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Trooper Giles Arthur Harmon | North Carolina Highway Patrol, North Carolina North Carolina Highway Patrol, North Carolina

Trooper

Giles Arthur Harmon

North Carolina Highway Patrol, North Carolina

End of Watch: Tuesday, April 9, 1985

Bio & Incident Details

Age: 26

Tour: 5 years

Badge # G-444

Cause: Gunfire

Weapon: Gun; Unknown type

Offender: Sentenced to life

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Trooper Giles Harmon was shot and killed during a traffic stop in Haywood County.

Troopers were conducting heightened traffic enforcement in the area due to recent rock slides. The suspect had kidnapped his employer from Kentucky earlier in the day and had the victim in the vehicle when Trooper Harmon stopped him. Two passing truck drivers who witnessed Trooper Harmon's murder tried to run the suspect off the road, but he swerved and escaped. A responding Trooper tried to revive Trooper Harmon but he was pronounced dead at the scene.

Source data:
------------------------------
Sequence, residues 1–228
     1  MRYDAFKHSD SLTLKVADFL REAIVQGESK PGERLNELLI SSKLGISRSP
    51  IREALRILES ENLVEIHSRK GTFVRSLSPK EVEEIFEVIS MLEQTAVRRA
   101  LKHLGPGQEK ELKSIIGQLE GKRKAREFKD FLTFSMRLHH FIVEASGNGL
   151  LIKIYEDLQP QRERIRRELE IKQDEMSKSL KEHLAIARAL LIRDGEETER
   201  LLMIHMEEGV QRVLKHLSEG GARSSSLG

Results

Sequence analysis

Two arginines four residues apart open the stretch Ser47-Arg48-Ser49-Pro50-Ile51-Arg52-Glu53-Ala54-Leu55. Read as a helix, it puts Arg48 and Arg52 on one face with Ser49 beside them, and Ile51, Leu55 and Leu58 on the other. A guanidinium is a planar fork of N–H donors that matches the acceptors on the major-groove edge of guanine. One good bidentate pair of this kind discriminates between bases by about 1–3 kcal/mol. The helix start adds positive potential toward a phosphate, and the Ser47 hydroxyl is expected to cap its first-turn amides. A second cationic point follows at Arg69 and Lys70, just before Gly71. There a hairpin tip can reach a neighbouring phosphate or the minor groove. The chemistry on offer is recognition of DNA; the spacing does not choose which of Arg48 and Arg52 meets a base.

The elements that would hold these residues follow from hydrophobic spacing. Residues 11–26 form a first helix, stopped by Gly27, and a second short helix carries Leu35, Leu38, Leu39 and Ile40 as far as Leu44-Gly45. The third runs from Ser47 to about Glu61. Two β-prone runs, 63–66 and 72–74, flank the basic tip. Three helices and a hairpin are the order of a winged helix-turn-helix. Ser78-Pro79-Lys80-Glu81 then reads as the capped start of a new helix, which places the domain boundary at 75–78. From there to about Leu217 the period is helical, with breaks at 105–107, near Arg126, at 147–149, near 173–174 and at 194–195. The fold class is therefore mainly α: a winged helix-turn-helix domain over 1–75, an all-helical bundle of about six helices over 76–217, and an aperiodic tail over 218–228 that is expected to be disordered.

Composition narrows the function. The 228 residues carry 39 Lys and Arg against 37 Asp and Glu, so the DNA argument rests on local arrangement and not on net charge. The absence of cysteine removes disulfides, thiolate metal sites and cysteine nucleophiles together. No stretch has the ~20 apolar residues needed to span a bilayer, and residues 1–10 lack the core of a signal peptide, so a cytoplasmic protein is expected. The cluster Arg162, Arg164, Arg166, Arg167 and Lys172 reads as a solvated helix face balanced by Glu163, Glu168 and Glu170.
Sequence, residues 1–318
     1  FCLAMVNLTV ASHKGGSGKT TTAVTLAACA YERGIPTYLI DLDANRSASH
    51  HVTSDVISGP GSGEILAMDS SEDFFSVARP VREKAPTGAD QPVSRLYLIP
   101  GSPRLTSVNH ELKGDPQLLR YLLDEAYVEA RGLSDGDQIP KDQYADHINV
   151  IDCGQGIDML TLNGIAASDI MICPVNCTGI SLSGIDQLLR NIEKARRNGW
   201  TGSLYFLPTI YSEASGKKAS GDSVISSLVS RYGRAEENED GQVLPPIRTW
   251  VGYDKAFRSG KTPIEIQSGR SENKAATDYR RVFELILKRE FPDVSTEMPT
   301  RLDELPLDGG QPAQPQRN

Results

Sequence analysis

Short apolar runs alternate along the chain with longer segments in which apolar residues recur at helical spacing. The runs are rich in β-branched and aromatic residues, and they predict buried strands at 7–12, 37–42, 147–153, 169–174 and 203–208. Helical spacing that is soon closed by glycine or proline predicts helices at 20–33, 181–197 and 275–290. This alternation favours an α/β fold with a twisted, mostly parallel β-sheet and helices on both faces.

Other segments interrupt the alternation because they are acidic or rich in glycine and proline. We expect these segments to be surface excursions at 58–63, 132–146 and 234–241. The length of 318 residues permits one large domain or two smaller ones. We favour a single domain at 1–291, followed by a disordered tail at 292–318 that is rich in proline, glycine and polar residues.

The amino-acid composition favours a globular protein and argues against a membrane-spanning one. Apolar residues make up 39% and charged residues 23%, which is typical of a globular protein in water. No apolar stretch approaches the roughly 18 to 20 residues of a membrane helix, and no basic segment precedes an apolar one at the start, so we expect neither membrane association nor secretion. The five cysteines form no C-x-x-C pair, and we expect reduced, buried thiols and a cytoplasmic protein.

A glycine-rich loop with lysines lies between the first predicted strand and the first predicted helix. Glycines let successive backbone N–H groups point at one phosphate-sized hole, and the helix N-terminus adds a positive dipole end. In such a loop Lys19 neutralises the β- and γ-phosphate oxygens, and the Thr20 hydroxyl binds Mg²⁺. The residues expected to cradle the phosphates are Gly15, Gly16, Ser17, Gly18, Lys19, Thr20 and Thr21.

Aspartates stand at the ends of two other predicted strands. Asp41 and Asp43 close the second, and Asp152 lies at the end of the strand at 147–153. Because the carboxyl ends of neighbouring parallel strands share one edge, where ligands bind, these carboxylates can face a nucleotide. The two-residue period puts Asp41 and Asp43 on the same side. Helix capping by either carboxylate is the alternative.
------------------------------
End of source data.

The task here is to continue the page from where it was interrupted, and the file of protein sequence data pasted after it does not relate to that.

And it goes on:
The suspect abandoned his vehicle and released his abducted employer nearby at Harmon's Den exit. The next day, officers found the employer alive and he was treated at a local hospital for a bullet wound. The suspect was located after a 3-day manhunt involving over 1000 state, local, and federal officers from North Carolina and Tennessee when he was spotted by a North Carolina Highway Patrol helicopter on the banks of the Pigeon River just 2 miles from the Tennessee state line. He was arrested by North Carolina Troopers and Waynesville Police.

An investigation revealed that the suspect left Kentucky with his abducted employer to locate and murder his ex-wife in North Carolina.

The suspect was convicted of first degree murder and sentenced to life in prison on October 16, 1985.

The North Carolina General Assembly passed a resolution commending Trooper Harmon the day after his murder.

Trooper Harmon was assigned to Trooper G, District 4, in Buncombe County. He had been a member of the North Carolina Highway Patrol for five years and had previously served as a Brevard, North Carolina, police officer. A section of Highway 276 in Brevard was renamed in his honor.

He is survived by his wife, who was a Buncombe County sheriff's deputy, and his parents.

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I think about him every time I go to Tennessee. When I see Harmon's Den ..I think it some how seems fitting that it has that name. It has been over 30 years but he is not forgotten.

Jackie House/ rank none
Buncombe County Schools
August 20, 2016

 

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